It has been a matter of pride for years at the BBC Proms that every major composer centenary and jubilee would be marked with at least one performance. It used to be the duty of the Controller’s assistant to supply a list, four years in advance, of all good composers to be celebrated in this way.
Which makes it all the most distressing that this year’s season omits one of the most significant European composers of the past two centuries. I’m not pointing fingers at any individual or demanding official excuses. Call the omisson for what it is: a major shortcoming in this year’s Proms, an embarrassment for the BBC.
I have written about the enduring importance of Ferruccio Busoni in the new issue of Standpoint:
Ferruccio Busoni, born 150 years ago last month, (was) one of the most famous faces of his time. His leonine head led to him being often mistaken for Beethoven, while his hands made light work of Liszt. Busoni was a fearless pianist, a formidable thinker and a composer overstocked with good ideas. His character was so fascinating that Gustav Mahler, never a man to waste time on soloists, craved his rare visits to Vienna. Arnold Schoenberg (no fan of anyone but Mahler) craved his personal approval. Busoni was the teacher and mentor of Kurt Weill. In the early Weimar Republic, he moulded its culture.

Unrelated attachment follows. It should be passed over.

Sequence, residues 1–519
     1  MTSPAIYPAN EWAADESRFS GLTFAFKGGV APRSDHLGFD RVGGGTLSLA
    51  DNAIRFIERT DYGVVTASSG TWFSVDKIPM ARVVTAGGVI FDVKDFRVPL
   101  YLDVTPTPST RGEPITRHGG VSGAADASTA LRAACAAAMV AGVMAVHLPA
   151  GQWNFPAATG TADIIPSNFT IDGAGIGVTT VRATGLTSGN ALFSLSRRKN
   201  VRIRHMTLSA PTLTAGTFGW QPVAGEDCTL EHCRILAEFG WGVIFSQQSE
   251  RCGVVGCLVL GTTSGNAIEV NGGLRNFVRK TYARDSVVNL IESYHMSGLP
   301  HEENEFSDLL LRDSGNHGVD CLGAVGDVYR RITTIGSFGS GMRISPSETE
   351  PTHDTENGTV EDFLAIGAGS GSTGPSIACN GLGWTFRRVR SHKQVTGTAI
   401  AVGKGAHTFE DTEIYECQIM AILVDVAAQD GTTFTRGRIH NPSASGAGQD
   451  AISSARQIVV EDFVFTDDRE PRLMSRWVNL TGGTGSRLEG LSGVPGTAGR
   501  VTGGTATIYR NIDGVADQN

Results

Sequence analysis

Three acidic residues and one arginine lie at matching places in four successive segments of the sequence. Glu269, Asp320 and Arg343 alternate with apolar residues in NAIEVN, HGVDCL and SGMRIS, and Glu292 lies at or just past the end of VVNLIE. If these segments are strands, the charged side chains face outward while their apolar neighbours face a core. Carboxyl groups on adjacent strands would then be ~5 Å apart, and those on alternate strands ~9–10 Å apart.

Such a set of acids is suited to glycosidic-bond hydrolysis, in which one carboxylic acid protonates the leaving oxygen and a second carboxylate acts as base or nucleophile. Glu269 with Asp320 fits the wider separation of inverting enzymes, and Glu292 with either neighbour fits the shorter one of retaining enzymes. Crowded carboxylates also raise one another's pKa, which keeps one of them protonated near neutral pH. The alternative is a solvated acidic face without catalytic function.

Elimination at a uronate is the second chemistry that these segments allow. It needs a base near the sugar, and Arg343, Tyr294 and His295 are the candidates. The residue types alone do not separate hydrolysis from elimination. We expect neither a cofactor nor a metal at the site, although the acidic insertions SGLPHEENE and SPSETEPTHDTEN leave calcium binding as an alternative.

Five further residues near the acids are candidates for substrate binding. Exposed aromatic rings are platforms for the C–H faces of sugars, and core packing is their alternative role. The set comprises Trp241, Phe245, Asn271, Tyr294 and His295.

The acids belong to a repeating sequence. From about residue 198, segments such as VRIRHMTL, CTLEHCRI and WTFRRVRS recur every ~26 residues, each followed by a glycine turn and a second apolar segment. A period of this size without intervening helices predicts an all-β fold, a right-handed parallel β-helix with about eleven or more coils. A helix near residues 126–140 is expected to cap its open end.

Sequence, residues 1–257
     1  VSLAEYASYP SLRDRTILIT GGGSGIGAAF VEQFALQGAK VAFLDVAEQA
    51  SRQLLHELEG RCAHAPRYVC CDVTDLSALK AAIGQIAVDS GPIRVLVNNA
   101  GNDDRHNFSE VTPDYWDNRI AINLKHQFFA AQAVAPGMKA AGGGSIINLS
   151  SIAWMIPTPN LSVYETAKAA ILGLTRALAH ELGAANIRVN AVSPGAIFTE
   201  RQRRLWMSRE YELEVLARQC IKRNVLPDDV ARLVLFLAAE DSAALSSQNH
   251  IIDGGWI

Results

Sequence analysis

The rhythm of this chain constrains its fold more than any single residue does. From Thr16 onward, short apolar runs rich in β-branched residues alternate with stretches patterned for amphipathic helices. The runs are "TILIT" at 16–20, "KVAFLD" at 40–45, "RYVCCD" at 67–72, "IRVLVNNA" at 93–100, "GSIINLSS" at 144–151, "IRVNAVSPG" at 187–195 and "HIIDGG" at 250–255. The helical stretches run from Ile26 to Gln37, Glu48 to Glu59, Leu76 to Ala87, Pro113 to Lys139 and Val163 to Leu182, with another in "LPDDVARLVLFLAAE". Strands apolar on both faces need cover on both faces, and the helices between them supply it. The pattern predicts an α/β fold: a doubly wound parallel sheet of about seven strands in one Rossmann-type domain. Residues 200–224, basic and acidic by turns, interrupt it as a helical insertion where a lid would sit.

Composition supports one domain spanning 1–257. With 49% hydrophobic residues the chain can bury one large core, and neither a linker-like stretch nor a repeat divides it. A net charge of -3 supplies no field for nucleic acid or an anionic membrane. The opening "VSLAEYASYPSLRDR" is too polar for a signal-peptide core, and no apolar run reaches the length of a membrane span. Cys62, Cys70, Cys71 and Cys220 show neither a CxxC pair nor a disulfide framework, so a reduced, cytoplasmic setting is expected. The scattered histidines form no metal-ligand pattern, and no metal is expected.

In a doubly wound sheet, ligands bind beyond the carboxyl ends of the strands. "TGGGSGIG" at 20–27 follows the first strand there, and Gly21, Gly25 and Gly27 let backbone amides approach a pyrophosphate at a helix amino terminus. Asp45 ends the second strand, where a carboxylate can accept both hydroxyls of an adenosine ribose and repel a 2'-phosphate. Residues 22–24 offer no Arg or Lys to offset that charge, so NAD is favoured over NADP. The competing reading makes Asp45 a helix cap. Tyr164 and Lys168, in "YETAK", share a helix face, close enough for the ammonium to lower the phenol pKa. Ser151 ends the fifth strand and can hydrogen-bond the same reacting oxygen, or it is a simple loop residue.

The 150th anniversary should have been a golden opportunity for the Proms to stage Busoni’s piano concerto, a behemoth with chorus. It’s a terrifying piece, but the British pianist Peter Donohoe has made it his own, as has the Canadian Marc-André Hamelin. If someone had offered it to Daniil Trifonov, he would have bitten their hand off.
The Busoni concerto is made for the Proms, but not under present management.
Failing that, they could have included the Berceuse élégiaque, a short work premiered by Gustav Mahler in the last concert of his life. But present management are dull to such sensitivities, deaf to Busoni.
In a poor Proms season, this is the poorest decision.
Read the full Standpoint article here.